Anti-poaching rangers form the first and last line of defence for nature. Without the right training, equipment, management and support they cannot defend the World’s natural heritage for future generations. The IAPF fulfills this niche responsibility within its areas of operations, whilst working alongside credible partners who specialise in the other vital components of conserving protected area biodiversity. The requirement for inspiring urgent political action towards the safekeeping of the planet cannot be overstated. This responsibility should transcend all levels of industry, business and society as we strive for a generation of people that give, not take. Increasing pressure on the world’s natural assets is simply not sustainable.
Wildlife crime is sweeping the planet. The illegal trafficking of wildlife is now one of the world’s largest criminal industries, with repeated links to terrorism networks. High Target Species such as elephant and rhino are being hunted to extinction. These animals are the most difficult to protect, as poachers go to the most extreme lengths to kill them. If we can safeguard these animals, then entire ecosystems are protected.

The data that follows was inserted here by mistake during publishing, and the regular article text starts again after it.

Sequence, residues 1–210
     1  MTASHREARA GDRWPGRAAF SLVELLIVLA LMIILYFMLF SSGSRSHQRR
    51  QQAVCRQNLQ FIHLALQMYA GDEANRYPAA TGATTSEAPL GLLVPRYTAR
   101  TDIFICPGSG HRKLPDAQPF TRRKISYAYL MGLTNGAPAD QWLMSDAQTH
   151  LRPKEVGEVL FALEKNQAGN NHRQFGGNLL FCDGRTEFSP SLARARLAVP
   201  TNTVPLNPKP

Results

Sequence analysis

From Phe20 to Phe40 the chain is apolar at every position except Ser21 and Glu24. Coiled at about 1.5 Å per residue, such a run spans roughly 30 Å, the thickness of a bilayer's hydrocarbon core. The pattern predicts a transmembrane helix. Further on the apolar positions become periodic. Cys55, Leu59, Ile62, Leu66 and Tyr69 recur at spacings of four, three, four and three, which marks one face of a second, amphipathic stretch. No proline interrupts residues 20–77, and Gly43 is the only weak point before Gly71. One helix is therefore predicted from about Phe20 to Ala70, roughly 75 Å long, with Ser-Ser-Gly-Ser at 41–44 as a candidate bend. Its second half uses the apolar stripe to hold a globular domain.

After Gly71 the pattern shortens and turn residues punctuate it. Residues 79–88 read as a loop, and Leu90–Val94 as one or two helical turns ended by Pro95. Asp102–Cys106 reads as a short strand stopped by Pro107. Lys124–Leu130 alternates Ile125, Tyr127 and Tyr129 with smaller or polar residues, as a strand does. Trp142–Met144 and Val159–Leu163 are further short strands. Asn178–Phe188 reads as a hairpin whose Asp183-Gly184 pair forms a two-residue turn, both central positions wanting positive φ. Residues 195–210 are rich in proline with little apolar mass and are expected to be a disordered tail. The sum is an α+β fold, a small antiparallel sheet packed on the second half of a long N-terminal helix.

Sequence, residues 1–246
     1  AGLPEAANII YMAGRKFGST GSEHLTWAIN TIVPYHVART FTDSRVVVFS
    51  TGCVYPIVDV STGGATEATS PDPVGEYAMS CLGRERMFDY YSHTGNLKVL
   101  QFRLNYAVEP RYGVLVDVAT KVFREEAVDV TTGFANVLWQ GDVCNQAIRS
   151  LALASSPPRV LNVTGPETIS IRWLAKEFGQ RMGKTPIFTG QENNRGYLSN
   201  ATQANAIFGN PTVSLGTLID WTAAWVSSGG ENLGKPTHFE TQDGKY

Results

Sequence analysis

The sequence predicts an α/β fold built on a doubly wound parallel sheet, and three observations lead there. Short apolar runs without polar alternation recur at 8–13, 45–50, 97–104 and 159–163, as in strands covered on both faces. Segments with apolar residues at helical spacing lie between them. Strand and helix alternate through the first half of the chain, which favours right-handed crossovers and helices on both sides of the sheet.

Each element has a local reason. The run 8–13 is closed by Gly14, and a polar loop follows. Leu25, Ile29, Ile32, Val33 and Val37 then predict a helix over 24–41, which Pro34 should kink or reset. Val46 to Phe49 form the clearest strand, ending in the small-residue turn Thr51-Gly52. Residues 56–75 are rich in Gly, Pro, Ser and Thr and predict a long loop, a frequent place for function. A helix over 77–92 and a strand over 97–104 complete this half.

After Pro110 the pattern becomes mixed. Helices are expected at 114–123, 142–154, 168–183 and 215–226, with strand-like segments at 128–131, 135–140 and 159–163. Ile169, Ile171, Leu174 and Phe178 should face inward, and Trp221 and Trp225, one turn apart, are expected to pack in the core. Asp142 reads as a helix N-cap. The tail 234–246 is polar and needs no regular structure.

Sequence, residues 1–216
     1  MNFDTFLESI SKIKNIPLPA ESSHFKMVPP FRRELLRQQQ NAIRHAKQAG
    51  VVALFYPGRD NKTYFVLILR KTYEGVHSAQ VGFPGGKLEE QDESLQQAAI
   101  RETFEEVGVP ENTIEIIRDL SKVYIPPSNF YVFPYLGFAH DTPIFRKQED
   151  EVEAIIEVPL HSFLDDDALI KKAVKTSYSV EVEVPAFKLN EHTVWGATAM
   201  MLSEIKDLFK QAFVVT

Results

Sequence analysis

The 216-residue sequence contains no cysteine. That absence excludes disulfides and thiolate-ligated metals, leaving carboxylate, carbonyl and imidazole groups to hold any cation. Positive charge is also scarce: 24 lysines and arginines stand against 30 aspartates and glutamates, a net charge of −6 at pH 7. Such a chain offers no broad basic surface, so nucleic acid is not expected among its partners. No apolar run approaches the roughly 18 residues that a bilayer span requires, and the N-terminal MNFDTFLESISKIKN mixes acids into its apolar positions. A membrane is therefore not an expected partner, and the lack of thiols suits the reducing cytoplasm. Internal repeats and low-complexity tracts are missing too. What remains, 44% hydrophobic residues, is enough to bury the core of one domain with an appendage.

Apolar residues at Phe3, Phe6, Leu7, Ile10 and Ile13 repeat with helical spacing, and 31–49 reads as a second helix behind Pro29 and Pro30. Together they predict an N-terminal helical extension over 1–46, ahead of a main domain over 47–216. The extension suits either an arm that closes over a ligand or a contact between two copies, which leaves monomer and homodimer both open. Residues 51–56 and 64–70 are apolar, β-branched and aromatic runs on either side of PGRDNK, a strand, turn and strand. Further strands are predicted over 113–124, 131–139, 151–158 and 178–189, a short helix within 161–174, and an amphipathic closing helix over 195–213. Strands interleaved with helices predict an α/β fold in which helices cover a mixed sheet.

The Samburu Project was founded on the promise of delivering access to clean water. Along the way, they discovered that water does so much more than imagined. The lack of access to clean water is an extraordinary problem, one that keeps the Samburu people in a hopeless cycle of poverty. With clean water, families grow their own food, girls go to school and women empower themselves through small businesses. With 84 wells and counting, The Samburu Project offers a simple solution to that extraordinary problem. Since 2005, THE SAMBURU PROJECT has been providing easy access to clean, safe drinking water as a foundation for development to communities in Samburu, Kenya.
A nomadic, pastoral community, the Samburu women and girls walk up to 12 miles or 6 hours every day in search of water.
Walking for water keeps women and girls uneducated and in a perpetual state of poverty and because water borne illnesss is the number one killer in Samburu.
They’ve drilled 88 wells, bringing water to over 80,000 people. In the well communities education for girls has tripled and diarrhea is almost a thing of the past.